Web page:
Digital Innovation Complements Hospitality Well
CitizenM CEO Klaas van Lookeren Campagne is a fan of technology working to enhance guest experiences. “It enables much better service and much more interaction with our guests,” he said. The hotel company is known for offering compact rooms powered by impressive technology that controls in-room features and enables efficient communication with staff. CitizenM feels it has a winning formula that adds efficiency for both staff and guests and constantly collects valuable data points.
With the event industry refocusing on in-person events, there is a risk of neglecting technology. The value of using technology to enhance the user experience cannot be overstated. The excitement of “return to live” will soon wear off, and events that make the best use of technology to enhance the human connection experience will be the winners.
Labor Shortages Are a Big Challenge
Accor Group Chairman and CEO Sébastien Bazin estimates a 20 percent labor shortage in hospitality worldwide. While this is currently not an issue in markets still operating at low occupancy rates, including Europe, it will soon be a challenge. “The minute you’re going to be hitting 85% occupancy, all of a sudden, you need everybody back,” said Bazin.
Staffing shortages are already a significant concern across the event industry. Despite the respite provided at some levels by the booming gig economy, hospitality labor challenges may make it impossible to run events with the desired service levels, particularly during already compressed peak event periods.
Opportunity in Uncertainty
The travel industry is taking note of insurance products that give travelers greater peace of mind. Hopper’s fintech solution allows travelers to book flights without worrying about change fees or forfeiting their flights for a small fee. The company claims that more than 70 percent of its airfare revenue comes from these fintech services rather than commissions.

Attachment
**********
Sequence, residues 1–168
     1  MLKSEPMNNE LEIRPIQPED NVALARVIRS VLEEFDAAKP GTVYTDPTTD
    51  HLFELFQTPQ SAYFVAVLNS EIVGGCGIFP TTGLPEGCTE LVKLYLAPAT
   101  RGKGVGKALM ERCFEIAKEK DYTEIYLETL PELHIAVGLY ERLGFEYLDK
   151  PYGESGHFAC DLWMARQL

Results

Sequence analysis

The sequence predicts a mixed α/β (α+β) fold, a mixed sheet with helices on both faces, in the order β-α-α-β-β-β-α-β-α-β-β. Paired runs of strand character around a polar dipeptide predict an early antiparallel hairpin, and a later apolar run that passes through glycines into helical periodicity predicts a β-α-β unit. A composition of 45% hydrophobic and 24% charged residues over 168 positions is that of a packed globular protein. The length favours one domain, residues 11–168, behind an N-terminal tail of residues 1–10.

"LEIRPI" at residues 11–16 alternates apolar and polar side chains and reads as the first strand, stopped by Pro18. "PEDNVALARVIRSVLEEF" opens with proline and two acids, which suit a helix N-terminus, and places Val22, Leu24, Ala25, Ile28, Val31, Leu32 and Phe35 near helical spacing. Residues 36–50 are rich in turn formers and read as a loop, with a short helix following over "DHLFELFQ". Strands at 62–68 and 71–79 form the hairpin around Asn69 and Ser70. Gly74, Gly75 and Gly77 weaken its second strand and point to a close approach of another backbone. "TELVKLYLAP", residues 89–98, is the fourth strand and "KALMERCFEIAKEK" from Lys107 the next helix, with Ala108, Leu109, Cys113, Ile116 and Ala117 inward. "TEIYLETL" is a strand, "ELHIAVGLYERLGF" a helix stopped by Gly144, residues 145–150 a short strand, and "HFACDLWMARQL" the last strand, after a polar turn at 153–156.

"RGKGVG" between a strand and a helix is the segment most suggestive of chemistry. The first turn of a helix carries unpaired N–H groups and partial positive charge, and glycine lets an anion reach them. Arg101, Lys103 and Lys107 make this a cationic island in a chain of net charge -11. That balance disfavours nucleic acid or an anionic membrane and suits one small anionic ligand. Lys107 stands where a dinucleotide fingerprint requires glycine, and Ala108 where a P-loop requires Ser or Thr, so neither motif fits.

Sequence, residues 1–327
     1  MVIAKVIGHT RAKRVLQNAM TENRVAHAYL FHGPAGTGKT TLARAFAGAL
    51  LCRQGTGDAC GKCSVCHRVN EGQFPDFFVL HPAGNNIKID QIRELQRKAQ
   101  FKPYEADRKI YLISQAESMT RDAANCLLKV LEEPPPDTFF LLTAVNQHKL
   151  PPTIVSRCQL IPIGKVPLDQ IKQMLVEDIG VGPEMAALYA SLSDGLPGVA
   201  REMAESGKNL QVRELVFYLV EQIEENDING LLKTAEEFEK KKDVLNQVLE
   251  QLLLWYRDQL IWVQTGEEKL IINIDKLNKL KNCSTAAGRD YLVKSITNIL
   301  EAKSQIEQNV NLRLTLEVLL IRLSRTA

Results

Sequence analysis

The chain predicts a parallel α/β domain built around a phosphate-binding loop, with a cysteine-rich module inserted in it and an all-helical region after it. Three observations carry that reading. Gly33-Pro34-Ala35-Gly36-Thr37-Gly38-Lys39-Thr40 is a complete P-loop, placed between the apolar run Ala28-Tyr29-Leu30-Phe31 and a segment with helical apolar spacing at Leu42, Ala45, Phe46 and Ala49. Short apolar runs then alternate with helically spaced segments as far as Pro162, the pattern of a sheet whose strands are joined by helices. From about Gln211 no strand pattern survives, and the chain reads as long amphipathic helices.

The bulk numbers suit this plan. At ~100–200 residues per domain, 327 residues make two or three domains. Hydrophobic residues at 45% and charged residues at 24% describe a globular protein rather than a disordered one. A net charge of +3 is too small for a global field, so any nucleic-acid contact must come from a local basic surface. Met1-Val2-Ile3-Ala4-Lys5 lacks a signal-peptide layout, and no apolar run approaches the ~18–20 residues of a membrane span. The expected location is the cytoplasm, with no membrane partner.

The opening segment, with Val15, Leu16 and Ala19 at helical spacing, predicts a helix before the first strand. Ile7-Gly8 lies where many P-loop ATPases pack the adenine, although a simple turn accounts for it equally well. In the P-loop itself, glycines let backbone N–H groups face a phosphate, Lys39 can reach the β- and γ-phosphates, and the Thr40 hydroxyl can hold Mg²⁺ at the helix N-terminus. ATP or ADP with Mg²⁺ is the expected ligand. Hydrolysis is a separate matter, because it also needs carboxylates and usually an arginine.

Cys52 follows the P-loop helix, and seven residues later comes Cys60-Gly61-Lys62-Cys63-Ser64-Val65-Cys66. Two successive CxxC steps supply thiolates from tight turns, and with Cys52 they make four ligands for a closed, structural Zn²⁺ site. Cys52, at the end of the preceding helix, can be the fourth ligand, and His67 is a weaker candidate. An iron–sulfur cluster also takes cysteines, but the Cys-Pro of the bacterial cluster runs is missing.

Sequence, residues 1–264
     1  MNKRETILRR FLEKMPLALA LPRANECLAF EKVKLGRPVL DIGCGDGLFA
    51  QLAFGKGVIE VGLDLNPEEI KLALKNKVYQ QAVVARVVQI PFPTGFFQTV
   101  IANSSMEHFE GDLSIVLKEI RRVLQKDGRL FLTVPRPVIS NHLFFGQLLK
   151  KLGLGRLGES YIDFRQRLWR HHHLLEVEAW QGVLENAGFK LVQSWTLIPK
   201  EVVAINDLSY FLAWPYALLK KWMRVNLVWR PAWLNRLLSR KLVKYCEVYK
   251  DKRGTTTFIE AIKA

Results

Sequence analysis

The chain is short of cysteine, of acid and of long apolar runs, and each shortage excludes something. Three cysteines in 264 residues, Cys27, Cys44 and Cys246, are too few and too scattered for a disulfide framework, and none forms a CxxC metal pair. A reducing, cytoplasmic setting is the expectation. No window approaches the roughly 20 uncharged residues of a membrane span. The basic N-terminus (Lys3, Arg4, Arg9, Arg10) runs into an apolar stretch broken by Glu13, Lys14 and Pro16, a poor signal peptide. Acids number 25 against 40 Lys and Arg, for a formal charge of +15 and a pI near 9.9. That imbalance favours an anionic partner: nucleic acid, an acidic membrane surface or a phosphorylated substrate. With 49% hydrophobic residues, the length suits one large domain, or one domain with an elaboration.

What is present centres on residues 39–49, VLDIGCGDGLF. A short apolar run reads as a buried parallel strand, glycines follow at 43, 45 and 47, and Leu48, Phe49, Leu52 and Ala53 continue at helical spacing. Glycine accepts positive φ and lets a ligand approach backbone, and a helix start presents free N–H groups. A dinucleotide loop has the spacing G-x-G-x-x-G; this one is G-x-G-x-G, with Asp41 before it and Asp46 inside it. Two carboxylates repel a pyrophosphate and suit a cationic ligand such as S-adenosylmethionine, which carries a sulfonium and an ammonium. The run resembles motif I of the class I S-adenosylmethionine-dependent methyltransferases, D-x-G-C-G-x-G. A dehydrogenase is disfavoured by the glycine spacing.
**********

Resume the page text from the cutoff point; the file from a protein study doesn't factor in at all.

This type of innovation is yet to permeate into the event industry. Concepts such as buy-now-pay-later (BNPL) could quickly be making their way to event registration sites to boost the appeal of early bird pricing. Of course, using apps like Hopper to book travel without fully committing to event participation may also become common.
We Are Passing the Buck on Sustainability
Although research suggests that travelers are willing to pay extra for sustainable travel options, in practice, very few do. Geerts highlighted this discrepancy by sharing conflicting data that shows 34% of British travelers say they would pay more to travel sustainably. Still, only 4% of Swiss Air passengers pay a €1 sustainability surcharge.
Avoiding taking responsibility for pressing sustainability issues is nothing new. Several high-profile industry organizations signed the Net Zero Carbon Events Pledge as part of COP26, but taking tangible actions that actually move the event industry closer to its lofty sustainability goals is an altogether different affair.